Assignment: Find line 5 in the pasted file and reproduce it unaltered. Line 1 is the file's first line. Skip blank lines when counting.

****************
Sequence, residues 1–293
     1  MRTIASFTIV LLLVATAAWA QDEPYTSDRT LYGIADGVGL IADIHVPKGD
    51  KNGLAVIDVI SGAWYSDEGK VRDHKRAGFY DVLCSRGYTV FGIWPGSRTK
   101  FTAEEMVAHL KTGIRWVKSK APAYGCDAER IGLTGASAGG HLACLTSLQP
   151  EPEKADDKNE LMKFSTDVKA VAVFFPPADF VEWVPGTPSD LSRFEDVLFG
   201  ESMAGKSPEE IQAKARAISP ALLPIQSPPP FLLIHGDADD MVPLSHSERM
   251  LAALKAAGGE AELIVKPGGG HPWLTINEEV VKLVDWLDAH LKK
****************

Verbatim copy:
   151  EPEKADDKNE LMKFSTDVKA VAVFFPPADF VEWVPGTPSD LSRFEDVLFG